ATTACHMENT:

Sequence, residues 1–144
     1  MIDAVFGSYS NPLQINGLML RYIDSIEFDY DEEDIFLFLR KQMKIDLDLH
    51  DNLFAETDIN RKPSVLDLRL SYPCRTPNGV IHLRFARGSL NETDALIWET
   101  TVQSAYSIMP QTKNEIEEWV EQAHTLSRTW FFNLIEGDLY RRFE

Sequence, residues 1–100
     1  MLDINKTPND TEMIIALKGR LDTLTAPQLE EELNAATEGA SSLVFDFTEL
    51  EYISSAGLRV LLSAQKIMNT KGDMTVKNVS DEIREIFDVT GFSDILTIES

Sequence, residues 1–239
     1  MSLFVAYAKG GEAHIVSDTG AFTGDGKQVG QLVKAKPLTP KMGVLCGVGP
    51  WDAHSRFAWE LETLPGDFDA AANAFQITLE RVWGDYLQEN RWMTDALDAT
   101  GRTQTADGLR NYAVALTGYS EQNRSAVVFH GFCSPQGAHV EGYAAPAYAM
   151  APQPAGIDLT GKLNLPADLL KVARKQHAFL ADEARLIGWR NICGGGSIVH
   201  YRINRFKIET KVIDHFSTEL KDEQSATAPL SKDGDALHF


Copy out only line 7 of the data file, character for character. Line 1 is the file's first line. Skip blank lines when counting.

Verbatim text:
    51  EYISSAGLRV LLSAQKIMNT KGDMTVKNVS DEIREIFDVT GFSDILTIES